Professor of Mathematics Dr. Bruce Boghosian, who chaired the working group that proposed the center for computational and data-intensive research, poses for a portrait on the Academic Quad on Sept. 21. (Max Lalanne / The Tufts Daily)

University explores interdisciplinary initiatives with proposed data center

Initiatives focusing on identifying and supporting cross-school programs are beginning to take shape as the semester progresses. Three such initiatives, which were laid out by University President Anthony Monaco in a Sept. 9 message to the university, include development on a proposed Center for Computational and Data-Intensive Research, progress on a data science major and the hiring of the university’s first Bridge Professor, Professor of Psychology Jan P. de Ruiter.

Creating a Center for Computational and Data-Intensive Research

The center is the broadest of the three initiatives, designed to involve every school and discipline of the university, according to Professor of Mathematics Bruce Boghosian, who chaired the working group that proposed the center.

“The center should have a presence on all three campuses of the university, [and be] absolutely cross-disciplinary,” he said.

The ultimate goal of the center would be to create a culture of collaboration around data and computational science research, Boghosian said.  There is a sense that the university has the necessary expertise to excel in these fields, but it lacks a corresponding culture, he explained.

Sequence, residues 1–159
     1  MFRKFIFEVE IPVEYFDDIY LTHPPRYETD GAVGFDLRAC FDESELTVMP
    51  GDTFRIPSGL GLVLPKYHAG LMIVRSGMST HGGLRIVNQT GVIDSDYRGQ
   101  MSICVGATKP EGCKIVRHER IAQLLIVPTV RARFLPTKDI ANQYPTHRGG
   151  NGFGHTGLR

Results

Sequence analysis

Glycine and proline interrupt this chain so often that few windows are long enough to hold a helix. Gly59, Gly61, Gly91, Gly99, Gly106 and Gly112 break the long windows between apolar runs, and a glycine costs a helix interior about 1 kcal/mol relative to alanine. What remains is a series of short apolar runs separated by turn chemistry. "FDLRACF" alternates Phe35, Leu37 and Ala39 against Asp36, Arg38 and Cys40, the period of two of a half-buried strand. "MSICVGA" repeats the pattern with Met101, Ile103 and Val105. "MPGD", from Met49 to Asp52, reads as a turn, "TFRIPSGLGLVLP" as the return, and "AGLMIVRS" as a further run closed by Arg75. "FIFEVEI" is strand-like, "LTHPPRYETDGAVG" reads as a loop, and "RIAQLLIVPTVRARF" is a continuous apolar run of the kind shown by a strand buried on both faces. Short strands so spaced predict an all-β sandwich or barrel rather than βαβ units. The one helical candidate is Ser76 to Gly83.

“We have the high-performance computing cluster; we don’t have the culture of high-performing computing,” Boghosian said. “The center creates the culture. The center catalyzes interactions between people from departments.”

The proposed center would work within three areas: research, pedagogy and training, according to Boghosian. He said that the center would help facilitate research by connecting scholars who need the expertise of big data and computational science for their research with those who have skills in these areas. According to Boghosian, the center would also position the university to be more competitive for certain types of external grants.

In terms of pedagogy and training, Boghosian said the center would provide advice and resources for new majors and certificate programs, but it would not grant degrees. Bogosian also said that Tufts was uniquely positioned to allow for the kind of interdisciplinary work necessary for these initiatives.

“There are things we can do in data science because of the nature of Tufts and the low barriers of cooperation, [and] interdisciplinary work between departments, that other places can’t do,” he said.

Boghosian added that it is hard to find comparisons to this proposed interdisciplinary data center at Tufts or other universities.

“At one point the planning group– I think we were even asked– ‘what’s comparable?’ and we ended up tossing up our hands at that question,” he said. “There’s nothing quite like it [that we’re aware of].”

The center was born in Tufts’ Strategic Plan, published in 2013, according to Provost David Harris.

The plan notes that “research increasingly requires access to equipment and individuals who can acquire, analyze and disseminate large data sets,” and proposed the creation of a working group dedicated to “identifying the resources that are necessary to enhance our research and educational capacity in this critical area.”

The working group, which was comprised of 31 individuals representing departments and schools across the university, decided that a center would be the best way of addressing the need for data science, computational science and statistics education and research, according to Boghosian. The working group then broke into a smaller planning group to give more practical recommendations to the provost on how such a center would be implemented, Boghosian said.